As the COVID-19 pandemic takes a catastrophic toll on lives and livelihoods across the United States, the harshest impact of the unpredictable virus has disproportionately fallen with foreseeable accuracy on Black, immigrant, poor, and elderly people, who are most likely to live and work in close contact with others and to have less access to health care or emergency savings. The speed and severity of the viral contagion has rendered devastatingly, undeniably visible the vast, racial gap between those with reliable health care, child care, housing, nutrition, household wealth, and income and those without, but that gap was already widening well before the pandemic amid accelerating economic inequality, racial disparity, and precarity for those fortunate enough to find paid work. 

This Article examines reinvigorated proposals for universal basic income (UBI) and a federal job guarantee (JG) to reduce poverty, income inequality, and the widening racial wealth gap. It examines the potential of such reforms to put more money into the hands of those most likely to use it while ending involuntary unemployment and boosting labor conditions for all, but especially Blacks and people of color with less access to generational wealth, higher education, and protection against employment discrimination. It concludes that both UBI and JG are necessary but each insufficient on its own to achieve greater economic security and mobility, with dignified work for all. 

Crucially, a universal minimum income untethered to any form of work requirement is essential to break the racialized and gendered stigma that frames economic need as welfare dependency; equally important is the guarantee of public employment at a living wage to those who voluntarily choose to avoid gaps in earned income and employment history but have historically been excluded from the best work-life options. Together, UBI and JG form vital pillars of social support for withstanding future crises, large or small, and for creating the future society we want.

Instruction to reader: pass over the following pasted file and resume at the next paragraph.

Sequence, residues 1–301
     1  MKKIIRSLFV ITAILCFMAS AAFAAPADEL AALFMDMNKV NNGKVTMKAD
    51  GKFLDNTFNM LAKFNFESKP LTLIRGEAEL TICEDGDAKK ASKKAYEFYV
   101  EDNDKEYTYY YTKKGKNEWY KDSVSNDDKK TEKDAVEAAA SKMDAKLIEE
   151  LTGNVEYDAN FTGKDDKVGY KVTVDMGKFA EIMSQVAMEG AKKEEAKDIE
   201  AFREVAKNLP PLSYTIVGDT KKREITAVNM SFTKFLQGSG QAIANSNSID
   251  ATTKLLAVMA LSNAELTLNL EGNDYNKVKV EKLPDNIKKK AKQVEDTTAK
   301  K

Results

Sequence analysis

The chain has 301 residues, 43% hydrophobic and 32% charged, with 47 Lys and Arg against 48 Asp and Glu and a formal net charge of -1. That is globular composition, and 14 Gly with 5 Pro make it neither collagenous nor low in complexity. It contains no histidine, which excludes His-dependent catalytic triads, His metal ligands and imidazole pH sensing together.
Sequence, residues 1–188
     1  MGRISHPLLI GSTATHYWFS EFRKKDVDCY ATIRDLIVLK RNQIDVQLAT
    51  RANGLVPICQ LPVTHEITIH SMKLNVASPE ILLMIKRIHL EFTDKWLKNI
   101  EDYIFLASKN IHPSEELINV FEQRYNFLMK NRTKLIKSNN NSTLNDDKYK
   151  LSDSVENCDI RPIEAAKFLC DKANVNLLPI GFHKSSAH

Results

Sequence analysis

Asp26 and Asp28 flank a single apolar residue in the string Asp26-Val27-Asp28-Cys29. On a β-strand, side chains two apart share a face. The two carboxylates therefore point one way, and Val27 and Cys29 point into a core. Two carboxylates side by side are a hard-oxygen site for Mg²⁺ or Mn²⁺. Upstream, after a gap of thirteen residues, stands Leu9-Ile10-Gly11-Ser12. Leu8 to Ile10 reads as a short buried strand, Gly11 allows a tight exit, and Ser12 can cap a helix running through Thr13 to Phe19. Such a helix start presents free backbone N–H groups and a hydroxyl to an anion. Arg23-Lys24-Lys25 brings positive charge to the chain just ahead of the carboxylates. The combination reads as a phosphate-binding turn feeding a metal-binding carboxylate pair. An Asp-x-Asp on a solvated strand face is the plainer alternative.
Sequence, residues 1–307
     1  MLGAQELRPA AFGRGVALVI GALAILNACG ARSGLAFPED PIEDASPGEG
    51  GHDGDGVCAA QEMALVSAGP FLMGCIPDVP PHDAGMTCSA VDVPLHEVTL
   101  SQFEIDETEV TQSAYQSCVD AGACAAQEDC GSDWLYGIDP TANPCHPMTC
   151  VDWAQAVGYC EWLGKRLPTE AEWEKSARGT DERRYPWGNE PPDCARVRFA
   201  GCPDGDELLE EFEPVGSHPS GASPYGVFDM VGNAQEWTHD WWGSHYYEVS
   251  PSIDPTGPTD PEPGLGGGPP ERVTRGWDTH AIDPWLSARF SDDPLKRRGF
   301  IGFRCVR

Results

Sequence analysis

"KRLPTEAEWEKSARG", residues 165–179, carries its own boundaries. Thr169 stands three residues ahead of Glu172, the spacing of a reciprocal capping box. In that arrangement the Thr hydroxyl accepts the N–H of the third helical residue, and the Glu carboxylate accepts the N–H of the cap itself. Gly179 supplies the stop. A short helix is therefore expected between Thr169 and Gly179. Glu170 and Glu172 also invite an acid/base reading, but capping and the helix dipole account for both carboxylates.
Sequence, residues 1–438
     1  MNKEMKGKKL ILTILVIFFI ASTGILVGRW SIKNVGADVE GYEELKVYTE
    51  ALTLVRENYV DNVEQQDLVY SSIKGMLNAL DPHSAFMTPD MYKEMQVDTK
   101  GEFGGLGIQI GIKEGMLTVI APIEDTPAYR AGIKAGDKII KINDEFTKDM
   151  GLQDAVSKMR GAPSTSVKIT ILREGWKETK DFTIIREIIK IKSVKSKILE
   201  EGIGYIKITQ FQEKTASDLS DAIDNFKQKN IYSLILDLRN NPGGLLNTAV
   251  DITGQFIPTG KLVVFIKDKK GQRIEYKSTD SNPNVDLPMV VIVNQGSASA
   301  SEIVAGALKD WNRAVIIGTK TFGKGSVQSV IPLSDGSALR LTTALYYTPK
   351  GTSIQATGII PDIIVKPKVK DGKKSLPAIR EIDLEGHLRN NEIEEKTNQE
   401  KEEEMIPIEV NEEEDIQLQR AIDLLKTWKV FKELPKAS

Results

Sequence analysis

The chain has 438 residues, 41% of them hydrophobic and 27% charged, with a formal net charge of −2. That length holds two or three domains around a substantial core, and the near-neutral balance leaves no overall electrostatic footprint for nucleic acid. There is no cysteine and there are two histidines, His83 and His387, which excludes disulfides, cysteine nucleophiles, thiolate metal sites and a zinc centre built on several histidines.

New Article: Implicit Bias in the Age of Trump

New Article: Charles R. Lawrence III, Implicit Bias in the Age of Trump, 133 Harv. L. Rev. 2304 (2020).

News Coverage: Election Day Voting in 2020 Took Longer in America’s Poorest Neighborhoods

News Coverage: Kevin Quealy and Alicia Parlapiano, Election Day Voting in 2020 Took Longer in America’s Poorest Neighborhoods, N.Y. Times, Jan. 4, 2021.

New Blog Post: Evaluating the Omnibus’s Anti-Poverty Measures

New Blog Post: David Super, Evaluating the Omnibus’s Anti-Poverty Measures, Balkinization, Dec. 28, 2020.

New Article: Erasing the Thin Blue Line: An Indigenous Proposal

New Article: Matthew L.M. Fletcher, Erasing the Thin Blue Line: An Indigenous Proposal, (Aug. 25th, 2020).

My novel claim is that there must be an accounting of how the judiciary has employed the theory of the social contract to dehumanize large swaths of poor persons and people of color. I argue that it is the judiciary, even more so than the legislatures, that has enabled and encouraged the police to engage in deep-seated injustices every single day. I will show that social contract talk is deeply embedded in judicial decision-making and policy articulation in the criminal justice realm.